From transition and social time changes, to difficulty chatting with their peers, many things can raise anxiety in those with Autism
People with an Autism Spectrum Disorder (ASD) can be anxious from a very early age due to not understanding the social and communication rules of society. They can find social situations confusing as they do not understand how to behave appropriately; they may not know what to say; they may have problems understanding social rules and will not necessarily learn these things intuitively. This can lead to their anxieties rising which in turn can result in negative behaviours being exhibited of a withdrawal from activities and in some extreme cases, life in general.
People with ASD can benefit from structure and predictability in their daily routines and this can help lower their anxiety levels because they know what is happening next, how long it will last, or where they will have to go. Having an end time/closure is very important. Unlimited free time can be traumatic if they have difficulty in self-occupation skills and this alongside their problems with social and communication skills can cause them huge anxieties.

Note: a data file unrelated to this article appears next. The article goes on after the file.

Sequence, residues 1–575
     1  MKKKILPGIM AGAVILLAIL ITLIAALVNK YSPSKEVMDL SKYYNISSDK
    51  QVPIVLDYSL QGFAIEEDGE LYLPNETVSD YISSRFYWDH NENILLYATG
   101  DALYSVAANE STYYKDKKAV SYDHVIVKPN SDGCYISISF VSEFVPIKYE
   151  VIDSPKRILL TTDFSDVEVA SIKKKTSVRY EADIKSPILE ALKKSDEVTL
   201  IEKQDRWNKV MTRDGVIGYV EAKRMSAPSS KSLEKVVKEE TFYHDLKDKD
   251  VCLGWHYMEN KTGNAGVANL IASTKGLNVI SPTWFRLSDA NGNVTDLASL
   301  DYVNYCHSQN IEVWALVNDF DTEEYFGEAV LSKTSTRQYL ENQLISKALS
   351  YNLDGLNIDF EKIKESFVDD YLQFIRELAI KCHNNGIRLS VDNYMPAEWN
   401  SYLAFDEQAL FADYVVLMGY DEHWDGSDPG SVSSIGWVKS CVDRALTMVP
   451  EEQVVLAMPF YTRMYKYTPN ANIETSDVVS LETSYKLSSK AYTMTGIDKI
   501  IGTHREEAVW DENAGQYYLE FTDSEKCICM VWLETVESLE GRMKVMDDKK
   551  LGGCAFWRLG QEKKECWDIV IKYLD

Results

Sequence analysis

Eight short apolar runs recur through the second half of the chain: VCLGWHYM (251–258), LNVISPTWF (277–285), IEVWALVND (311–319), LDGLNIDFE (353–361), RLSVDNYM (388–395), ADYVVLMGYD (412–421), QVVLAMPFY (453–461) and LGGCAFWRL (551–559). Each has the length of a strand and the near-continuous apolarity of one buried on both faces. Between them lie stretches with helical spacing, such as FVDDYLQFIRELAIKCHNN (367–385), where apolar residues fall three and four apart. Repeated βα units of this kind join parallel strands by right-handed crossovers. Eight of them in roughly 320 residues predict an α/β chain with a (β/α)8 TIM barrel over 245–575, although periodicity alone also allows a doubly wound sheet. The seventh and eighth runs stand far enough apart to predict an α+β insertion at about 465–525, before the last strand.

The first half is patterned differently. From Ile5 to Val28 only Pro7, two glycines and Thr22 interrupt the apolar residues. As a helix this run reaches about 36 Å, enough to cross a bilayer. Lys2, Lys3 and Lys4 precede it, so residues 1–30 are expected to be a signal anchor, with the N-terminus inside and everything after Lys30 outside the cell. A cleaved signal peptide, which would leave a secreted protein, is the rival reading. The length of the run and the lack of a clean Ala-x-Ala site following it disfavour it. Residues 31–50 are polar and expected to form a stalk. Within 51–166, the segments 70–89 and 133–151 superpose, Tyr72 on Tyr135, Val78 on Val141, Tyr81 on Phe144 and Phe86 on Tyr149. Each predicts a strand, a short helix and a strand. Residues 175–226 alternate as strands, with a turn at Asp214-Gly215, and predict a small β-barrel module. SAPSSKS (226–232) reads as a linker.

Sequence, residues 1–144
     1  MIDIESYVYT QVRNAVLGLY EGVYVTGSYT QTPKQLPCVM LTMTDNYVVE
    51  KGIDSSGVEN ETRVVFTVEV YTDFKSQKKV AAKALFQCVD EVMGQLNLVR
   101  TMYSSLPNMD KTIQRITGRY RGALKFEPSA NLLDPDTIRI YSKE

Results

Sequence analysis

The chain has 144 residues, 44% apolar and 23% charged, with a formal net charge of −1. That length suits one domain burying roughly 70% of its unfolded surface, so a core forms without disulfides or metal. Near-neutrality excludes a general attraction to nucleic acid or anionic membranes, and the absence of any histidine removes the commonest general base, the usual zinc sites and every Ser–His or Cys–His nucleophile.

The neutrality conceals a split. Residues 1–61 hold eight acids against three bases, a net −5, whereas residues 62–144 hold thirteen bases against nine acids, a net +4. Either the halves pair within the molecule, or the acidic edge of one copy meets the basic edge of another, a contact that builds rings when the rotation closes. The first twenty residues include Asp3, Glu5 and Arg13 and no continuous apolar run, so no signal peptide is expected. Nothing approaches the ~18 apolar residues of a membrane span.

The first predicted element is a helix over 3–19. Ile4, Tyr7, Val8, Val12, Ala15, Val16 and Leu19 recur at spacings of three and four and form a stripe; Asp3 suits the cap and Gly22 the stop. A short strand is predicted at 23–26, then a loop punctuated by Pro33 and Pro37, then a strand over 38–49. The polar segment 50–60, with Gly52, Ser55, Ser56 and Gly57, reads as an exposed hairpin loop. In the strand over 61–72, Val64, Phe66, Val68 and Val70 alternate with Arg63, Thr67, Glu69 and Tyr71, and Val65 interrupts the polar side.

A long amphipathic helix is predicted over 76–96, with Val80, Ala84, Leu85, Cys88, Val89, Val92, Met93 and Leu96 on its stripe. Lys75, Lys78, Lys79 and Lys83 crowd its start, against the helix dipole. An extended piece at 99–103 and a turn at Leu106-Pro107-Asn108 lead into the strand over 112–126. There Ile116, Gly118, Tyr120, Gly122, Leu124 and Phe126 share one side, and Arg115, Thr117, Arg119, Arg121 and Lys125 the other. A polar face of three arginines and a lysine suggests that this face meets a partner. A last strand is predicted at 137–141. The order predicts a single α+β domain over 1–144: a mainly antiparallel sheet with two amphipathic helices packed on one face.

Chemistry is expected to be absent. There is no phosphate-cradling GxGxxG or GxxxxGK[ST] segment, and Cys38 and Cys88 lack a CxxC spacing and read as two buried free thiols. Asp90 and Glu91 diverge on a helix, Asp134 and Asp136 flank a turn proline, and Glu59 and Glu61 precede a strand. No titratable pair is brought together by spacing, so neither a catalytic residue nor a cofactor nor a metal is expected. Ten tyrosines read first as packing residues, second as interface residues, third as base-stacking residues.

Many people with ASD feel anxious about certain situations but they need to learn how to deal with anxiety appropriately. People with ASD may not know how to manage and control their anxiety, or how to get their worries into perspective, so many need to be given some ideas for strategies to do this. They may also have problems remembering or processing verbal language so it may be helpful to write down some reminders and/or pointers with them.
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